Effects of intrathecal dexmedetomidine on low-dose bupivacaine spinal anesthesia in elderly patients undergoing transurethral prostatectomy

Ji Eun Kim, Na Young Kim, Hye Sun Lee, Hae Keum Kil
Biological & Pharmaceutical Bulletin 2013, 36 (6): 959-65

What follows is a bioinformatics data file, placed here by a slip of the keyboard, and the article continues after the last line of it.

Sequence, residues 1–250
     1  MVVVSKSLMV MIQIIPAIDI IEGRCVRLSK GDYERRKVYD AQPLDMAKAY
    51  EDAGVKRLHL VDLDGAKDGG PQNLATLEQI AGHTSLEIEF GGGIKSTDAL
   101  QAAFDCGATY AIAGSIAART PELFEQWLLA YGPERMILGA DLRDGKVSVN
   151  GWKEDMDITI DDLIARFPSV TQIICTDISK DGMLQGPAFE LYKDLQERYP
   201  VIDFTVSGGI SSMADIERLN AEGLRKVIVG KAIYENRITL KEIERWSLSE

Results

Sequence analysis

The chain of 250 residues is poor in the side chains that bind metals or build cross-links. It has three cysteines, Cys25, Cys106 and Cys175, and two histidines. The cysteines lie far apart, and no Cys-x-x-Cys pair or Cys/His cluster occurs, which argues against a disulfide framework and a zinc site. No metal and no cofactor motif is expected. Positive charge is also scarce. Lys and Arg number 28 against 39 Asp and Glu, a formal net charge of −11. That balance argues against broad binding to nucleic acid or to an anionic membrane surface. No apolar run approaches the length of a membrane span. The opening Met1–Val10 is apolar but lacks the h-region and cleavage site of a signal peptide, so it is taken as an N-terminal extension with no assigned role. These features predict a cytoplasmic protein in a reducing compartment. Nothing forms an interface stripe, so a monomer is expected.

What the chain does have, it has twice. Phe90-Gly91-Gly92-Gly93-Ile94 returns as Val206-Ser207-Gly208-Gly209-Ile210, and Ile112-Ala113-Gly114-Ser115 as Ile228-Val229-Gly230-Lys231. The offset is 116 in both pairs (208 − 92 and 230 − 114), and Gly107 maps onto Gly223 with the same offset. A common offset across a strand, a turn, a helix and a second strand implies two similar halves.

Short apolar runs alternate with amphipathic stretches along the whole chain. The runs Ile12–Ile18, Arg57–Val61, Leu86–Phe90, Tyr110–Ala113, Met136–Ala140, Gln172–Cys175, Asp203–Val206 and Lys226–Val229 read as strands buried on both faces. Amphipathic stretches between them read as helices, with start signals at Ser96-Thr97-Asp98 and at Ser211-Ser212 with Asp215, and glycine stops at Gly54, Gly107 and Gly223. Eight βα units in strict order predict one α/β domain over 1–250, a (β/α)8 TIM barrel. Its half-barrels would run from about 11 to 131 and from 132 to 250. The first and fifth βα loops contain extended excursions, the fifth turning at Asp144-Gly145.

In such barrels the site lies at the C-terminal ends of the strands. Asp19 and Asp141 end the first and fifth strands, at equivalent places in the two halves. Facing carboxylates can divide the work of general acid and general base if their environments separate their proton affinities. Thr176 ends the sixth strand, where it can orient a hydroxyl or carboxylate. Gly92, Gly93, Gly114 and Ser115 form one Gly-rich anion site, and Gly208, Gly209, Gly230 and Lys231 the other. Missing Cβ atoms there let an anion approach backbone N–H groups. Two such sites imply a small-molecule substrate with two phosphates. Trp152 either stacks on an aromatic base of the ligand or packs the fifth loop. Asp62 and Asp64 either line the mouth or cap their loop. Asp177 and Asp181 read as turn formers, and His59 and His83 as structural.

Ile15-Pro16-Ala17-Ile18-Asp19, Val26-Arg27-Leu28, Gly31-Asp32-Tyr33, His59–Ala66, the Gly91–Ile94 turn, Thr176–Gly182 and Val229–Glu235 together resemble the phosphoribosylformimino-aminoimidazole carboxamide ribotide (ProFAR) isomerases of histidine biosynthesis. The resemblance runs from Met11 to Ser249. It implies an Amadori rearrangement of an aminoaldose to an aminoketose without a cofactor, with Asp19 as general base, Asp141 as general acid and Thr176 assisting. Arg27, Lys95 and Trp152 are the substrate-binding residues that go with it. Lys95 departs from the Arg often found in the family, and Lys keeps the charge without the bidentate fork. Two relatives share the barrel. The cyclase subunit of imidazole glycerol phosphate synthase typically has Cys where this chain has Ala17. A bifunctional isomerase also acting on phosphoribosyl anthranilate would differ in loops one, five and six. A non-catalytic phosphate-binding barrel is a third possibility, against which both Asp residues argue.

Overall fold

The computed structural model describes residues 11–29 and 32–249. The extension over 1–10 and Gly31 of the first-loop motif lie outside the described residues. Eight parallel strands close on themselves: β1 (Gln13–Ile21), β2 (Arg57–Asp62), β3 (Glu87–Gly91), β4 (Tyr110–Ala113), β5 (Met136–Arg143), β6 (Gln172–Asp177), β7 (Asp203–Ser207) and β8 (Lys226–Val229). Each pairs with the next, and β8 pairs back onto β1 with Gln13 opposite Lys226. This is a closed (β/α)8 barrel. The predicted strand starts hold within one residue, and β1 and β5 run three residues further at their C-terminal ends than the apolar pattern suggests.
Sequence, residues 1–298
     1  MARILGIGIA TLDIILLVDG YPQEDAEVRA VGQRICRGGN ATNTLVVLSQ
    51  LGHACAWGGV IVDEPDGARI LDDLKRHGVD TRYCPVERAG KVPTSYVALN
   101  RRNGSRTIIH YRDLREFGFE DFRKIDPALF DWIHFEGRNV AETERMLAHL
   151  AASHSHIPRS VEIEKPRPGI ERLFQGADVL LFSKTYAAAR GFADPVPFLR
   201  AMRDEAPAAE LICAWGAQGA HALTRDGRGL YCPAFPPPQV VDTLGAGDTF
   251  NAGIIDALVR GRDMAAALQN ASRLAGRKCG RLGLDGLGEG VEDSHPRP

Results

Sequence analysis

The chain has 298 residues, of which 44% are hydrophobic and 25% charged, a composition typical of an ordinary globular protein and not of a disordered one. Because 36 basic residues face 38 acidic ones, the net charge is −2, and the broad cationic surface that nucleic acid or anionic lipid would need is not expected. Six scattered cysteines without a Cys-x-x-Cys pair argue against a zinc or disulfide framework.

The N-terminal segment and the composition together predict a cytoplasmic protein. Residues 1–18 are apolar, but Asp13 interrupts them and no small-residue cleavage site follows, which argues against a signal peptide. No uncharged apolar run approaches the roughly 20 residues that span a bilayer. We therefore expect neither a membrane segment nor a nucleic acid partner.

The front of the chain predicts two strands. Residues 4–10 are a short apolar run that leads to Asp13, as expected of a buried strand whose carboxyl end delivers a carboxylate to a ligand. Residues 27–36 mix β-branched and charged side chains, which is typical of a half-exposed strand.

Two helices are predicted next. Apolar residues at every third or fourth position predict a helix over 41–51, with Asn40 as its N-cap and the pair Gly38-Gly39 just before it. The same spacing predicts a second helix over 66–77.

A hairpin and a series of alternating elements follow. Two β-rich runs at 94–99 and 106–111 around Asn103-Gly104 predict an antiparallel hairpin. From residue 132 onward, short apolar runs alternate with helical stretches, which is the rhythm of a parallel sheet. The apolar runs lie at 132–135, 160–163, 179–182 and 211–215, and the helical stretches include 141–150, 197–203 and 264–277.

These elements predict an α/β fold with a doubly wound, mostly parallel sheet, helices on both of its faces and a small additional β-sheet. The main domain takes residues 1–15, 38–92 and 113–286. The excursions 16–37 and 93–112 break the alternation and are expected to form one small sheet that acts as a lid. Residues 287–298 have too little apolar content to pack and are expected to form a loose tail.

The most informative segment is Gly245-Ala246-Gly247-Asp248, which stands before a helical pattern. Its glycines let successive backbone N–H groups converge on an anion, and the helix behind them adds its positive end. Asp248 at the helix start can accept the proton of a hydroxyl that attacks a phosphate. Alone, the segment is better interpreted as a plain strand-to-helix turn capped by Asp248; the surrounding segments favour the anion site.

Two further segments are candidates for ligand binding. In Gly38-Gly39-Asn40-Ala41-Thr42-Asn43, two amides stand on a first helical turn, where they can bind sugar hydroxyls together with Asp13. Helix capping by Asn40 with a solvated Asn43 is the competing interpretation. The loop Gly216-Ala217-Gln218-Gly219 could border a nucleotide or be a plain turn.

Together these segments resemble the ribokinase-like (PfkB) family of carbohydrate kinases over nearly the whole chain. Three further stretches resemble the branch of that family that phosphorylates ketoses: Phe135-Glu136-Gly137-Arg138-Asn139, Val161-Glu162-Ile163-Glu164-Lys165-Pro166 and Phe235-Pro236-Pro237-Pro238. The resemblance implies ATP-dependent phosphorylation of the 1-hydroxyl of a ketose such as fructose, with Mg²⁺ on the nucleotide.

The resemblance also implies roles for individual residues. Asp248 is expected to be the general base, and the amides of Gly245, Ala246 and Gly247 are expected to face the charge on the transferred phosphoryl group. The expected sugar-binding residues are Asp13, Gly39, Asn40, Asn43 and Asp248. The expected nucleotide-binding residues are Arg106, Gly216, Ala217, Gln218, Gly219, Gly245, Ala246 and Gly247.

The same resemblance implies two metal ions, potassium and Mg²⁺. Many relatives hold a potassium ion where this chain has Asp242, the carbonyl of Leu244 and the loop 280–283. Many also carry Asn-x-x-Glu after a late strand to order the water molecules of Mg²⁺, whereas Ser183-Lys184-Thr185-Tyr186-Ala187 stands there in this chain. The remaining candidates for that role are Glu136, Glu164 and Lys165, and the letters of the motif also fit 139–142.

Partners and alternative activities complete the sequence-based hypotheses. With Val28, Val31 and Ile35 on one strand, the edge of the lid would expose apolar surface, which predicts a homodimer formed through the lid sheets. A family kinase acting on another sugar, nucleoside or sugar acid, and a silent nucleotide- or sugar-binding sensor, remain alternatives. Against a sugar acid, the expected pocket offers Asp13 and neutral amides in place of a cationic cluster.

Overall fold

Low-dose bupivacaine can limit the spinal block level with minimal hemodynamic effects and yield a rapid recovery, but sometimes it may not provide adequate anesthesia for surgery. Dexmedetomidine, a selective α2-adrenoreceptor agonist, was shown to be a potent antinociceptive agent when given intrathecally in animals and humans. The purpose of this study was to evaluate the adjuvant effects of intrathecal dexmedetomidine in elderly patients undergoing transurethral prostate surgery with low-dose bupivacaine spinal anesthesia. Fifty-four patients undergoing transurethral prostate surgery were randomized into two groups receiving either dexmedetomidine 3 µg (n=27) or normal saline (n=27) intrathecally with 6 mg of 0.5% hyperbaric bupivacaine. The characteristics of the spinal block and postoperative analgesic effects were evaluated. The peak block level was similar for the two groups. However, the dexmedetomidine group demonstrated a faster onset time to the peak block and longer duration of spinal block than the saline group (p<0.01). The motor block scales at the time of peak sensory block and regression of 2-sensory dermatomes were higher in the dexmedetomidine group than in the saline group (p<0.001). There was less analgesic request and the time to the first analgesic request was longer in the dexmedetomidine group than in the saline group (each 487, 345 min, p<0.05). Dexmedetomidine 3 µg when added to intrathecal bupivacaine 6 mg produced fast onset and a prolonged duration of sensory block and postoperative analgesia in elderly patients for transurethral surgery. However, recovery of motor block could be delayed in dexmedetomidine-added patients.

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